The Ubiquitous Eucalyptus

By Steve Twomlow and Will Critchley
In many developing countries , including Ethiopia, Eucalyptus spp, was first introduced as a fast growing cash crop, sold to meet growing construction and energy needs.  Eucalyptus’  fast rate of growth, even on degraded land, and its ability to ‘drain’ swampy areas is viewed by many as its greatest asset. However, Eucalyptus has been at the centre of an environmental and sustainability debate for years.

©IFAD/Will Critchley & Stephen Twomlow
Since  Eucalyptus woodlots are  cash crops, they can help to reduce human pressure on natural forests. On the other hand, Eucalyptus woodlots are densely planted (to ensure straight poles for construction) and they have little understory foliage growing beneath the trees.  Eucalyptus is an invasive plant and it’s leaves prevent the survival of other plants, thereby creating a sterile forest floor bereft of biodiversity. This makes the land that Eucalyptus grows on even more vulnerable to erosion, especially as water that drips off leaves increases the natural erosivity of rainfall. Combined with the huge water demands that Eucalyptus trees require, in excess of 4000 litres of water per tree every day to achieve its full growth rate, it’s no wonder that environmental specialists are continuing to question its relevance to sustainable development. 
©IFAD/Will Critchley & Stephen Twomlow
Despite these enigmatic effects, Eucalyptus is still highly valued. In Ethiopia, and other areas of the world, Eucalyptus woodlots increasingly represent a major, or even sole, source of income for households.  The farmers of the Lake Tana Watershed, in the Amhara region of Ethiopia are no exception. They grow Eucalyptus poles that are sold for use in  construction.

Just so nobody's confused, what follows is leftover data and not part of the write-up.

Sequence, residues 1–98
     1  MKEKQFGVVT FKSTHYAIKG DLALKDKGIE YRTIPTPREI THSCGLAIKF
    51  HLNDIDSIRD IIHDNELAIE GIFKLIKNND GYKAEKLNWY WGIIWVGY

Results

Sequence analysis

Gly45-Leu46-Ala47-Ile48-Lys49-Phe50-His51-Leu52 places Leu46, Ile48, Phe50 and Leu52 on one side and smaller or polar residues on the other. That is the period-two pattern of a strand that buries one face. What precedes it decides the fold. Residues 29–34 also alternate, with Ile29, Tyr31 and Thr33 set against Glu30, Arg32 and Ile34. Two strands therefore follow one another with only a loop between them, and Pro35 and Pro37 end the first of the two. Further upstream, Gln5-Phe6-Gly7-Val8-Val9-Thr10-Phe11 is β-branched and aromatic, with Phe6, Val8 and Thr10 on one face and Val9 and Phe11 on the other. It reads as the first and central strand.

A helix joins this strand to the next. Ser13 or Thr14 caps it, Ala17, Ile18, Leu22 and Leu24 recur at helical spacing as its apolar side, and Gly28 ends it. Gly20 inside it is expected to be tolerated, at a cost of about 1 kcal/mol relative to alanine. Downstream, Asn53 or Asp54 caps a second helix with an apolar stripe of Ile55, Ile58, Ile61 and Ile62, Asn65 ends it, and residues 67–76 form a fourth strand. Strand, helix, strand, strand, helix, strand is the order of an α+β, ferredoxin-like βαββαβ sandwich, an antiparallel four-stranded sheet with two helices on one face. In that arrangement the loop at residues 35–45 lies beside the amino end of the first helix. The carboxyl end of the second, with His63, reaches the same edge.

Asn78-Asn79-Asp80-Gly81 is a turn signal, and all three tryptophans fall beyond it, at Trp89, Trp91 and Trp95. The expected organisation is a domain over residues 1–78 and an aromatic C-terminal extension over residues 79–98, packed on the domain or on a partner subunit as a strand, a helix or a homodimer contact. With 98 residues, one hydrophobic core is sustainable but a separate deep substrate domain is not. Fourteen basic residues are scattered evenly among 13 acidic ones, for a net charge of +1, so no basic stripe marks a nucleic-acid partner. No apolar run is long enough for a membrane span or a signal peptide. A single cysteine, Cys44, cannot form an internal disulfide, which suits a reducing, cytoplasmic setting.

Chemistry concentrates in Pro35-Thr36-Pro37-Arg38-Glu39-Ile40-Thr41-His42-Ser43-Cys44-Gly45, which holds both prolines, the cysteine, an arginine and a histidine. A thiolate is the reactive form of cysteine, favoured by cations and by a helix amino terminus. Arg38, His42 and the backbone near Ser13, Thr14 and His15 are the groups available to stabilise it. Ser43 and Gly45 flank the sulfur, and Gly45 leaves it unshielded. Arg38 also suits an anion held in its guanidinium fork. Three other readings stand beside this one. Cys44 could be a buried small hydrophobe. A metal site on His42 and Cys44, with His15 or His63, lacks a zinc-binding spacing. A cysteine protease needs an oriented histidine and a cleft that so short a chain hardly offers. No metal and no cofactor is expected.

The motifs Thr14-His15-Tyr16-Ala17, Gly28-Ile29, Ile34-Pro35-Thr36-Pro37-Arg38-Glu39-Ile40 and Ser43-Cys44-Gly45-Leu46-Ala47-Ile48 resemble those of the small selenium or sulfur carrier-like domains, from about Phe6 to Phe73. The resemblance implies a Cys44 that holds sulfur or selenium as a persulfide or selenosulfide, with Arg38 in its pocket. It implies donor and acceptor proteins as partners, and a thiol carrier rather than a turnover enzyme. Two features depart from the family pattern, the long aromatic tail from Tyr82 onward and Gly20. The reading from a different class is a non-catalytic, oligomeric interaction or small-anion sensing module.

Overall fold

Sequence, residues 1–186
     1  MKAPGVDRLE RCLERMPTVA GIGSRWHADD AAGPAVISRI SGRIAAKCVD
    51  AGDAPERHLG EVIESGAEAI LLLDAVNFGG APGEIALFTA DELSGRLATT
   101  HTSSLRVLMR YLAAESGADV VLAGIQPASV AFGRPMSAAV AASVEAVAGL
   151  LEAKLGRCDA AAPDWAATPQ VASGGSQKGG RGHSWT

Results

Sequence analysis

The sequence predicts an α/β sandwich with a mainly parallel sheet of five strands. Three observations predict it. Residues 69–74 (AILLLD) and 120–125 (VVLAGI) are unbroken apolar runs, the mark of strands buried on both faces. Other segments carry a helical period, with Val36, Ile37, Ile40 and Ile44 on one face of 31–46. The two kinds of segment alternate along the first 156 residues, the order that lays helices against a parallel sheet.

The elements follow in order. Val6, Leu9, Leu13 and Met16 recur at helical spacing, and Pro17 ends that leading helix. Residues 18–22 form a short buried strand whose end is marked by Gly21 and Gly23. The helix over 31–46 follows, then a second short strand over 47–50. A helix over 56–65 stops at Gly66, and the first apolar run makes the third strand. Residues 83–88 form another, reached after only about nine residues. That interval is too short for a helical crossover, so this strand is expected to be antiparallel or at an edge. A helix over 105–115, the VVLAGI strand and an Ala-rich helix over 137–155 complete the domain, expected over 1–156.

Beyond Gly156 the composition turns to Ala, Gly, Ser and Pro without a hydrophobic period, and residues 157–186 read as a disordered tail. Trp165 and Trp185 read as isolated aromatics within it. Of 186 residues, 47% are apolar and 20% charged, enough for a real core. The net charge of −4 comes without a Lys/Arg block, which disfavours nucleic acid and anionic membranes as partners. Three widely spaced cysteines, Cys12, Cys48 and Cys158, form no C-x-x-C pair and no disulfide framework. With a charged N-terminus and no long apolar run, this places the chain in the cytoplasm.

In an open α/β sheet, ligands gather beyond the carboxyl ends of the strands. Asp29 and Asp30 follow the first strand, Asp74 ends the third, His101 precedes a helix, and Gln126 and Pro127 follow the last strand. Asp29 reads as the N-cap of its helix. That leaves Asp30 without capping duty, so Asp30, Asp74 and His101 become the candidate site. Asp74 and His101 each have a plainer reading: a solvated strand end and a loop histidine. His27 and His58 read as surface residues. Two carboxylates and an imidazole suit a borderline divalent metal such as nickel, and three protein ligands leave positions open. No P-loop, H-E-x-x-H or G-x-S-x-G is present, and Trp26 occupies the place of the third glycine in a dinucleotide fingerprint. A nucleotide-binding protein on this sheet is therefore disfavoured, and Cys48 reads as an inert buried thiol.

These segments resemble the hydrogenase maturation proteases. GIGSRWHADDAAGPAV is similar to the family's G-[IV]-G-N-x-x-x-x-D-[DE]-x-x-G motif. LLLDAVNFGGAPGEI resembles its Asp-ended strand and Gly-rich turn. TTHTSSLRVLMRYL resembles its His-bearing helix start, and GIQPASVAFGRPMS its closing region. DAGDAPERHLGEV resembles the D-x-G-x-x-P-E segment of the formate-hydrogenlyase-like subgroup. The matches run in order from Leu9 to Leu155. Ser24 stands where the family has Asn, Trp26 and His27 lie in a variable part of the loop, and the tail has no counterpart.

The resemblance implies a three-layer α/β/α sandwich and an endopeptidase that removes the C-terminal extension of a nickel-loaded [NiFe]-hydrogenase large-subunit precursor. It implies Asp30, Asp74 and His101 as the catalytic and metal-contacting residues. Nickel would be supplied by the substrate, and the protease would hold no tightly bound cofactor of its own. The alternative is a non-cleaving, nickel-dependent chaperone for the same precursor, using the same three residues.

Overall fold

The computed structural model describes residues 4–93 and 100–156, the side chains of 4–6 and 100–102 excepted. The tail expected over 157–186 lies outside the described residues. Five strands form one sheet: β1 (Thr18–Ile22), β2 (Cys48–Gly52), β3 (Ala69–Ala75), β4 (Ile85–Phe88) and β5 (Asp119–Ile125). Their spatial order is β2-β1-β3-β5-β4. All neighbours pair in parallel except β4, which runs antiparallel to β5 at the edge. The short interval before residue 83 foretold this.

©IFAD/Will Critchley & Stephen Twomlow
The IFAD and GEF funded ‘Community-based Integrated Natural Resources Management Project’ (CBINReMP), has been working with smallholders to develop participatory forest management approaches that encourage the regeneration of indigenous forests and the sustainable management of Eucalyptus woodlots. Recently, the project began investigating a spontaneous community innovation; using Eucalyptus trimmings to make charcoal. A typical building pole is 6 m in length - after trimming between 1 and 1.5 m from the raw length.  In the past, these trimmings were a waste product, as Eucalyptus wood is not a desirable  fuel for the domestic cook stove, because its  high gum content makes it burn too fast.  This new method of charcoal production may provide an  alternative fuel source that  reduces the need to burn dry cattle manure or cut down wood from  indigenous forests. Perhaps this new development may inform debates on the growth of Eucalyptus woodlots.